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This is my complicated and long question. First let's talk about the context.

Network topology: (RT stands for router) enter image description here

PC A --- RT A --- RT C --- RT B --- PC B

(RT C has a WAN NIC connected to "the cloud")

With this situation :

  • PC A must send a packet to PC B
  • Default routes direct packets to the cloud
  • We haven't access to RT C's configuration
  • RT C only knows how to join network A, not network B
  • RT A knows about network B
  • RT B knows about network A

RT C's routing table:

Destination NIC     Gateway     WAN     Cloud
Network A   LAN A   RT A's WAN

RT A's routing table:

Destination NIC     Gateway     WAN     LAN A
Network B   WAN     LAN A

RT B's routing table:

Destination NIC     Gateway     WAN     LAN B
Network A   WAN     LAN B

I would like to permit PC A and PC B to communicate, but I don't have access to RT C. Networks B and BC are new.

Can PC A send a packet to RT B's WAN NIC (which is possible) and "ask RT B to direct the packet to PC B" ?

I believe replacing RT B with a VPN server should do the trick, but I would like to know if it is possible to make it without establishing a new connection.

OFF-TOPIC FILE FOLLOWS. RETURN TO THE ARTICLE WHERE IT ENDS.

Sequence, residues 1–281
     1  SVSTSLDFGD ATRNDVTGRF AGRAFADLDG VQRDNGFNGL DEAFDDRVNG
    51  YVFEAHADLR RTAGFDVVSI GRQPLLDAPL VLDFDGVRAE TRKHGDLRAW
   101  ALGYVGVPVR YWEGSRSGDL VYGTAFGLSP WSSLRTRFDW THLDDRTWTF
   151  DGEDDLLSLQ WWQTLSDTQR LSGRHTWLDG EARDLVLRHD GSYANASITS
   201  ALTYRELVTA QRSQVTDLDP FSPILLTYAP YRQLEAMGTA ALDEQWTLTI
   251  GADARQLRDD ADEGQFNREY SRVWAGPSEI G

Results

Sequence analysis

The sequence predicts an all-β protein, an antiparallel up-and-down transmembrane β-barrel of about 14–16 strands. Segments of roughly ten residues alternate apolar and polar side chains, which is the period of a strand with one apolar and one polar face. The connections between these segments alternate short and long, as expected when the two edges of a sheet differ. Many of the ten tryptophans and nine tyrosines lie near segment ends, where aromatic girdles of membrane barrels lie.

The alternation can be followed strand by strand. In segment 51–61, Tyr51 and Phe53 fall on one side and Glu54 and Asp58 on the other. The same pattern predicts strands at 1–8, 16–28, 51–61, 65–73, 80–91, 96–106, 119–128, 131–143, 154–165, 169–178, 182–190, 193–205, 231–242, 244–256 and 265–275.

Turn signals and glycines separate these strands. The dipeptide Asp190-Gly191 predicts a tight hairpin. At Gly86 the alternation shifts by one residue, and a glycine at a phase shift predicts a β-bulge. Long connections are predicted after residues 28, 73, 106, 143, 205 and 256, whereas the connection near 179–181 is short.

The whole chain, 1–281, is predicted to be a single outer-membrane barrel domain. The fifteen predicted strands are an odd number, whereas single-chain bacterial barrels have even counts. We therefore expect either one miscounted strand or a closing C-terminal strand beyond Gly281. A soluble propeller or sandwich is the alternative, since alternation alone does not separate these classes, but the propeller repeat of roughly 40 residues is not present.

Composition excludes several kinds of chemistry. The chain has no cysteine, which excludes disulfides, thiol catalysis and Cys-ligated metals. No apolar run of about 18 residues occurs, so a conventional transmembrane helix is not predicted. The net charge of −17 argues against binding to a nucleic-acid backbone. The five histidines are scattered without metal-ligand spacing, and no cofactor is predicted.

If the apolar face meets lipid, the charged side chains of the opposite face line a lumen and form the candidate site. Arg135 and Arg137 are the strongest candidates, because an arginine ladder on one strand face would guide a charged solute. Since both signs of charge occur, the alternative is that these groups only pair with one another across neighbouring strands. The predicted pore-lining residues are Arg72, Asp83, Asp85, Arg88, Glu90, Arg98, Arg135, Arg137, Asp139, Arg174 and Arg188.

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You say it is possible for PC A to send a packet to RT B’s WAN NIC. How is this possible if RT A and RT B are not on the same network, and RT C doesn’t know that Network B exists? – Scott Oct 12 '12 at 22:01
Because of the default route of RT A if I remember well. – Philipili Oct 13 '12 at 9:23
I don’t understand that. You say RT A’s default route is out the WAN NIC to LAN A, which is one of RT C’s addresses. And RT C doesn’t know that Network B exists — or even Network BC. – Scott Oct 15 '12 at 16:13
Well, it knows network BC, because it is a network directly connected to it. – Philipili Oct 16 '12 at 6:25

The gateway provided has to be on a directly-connected network segment, so this isn't generally possible without either some sort of VPN configuration or configuring RT C to be aware of all subnets it needs to route.

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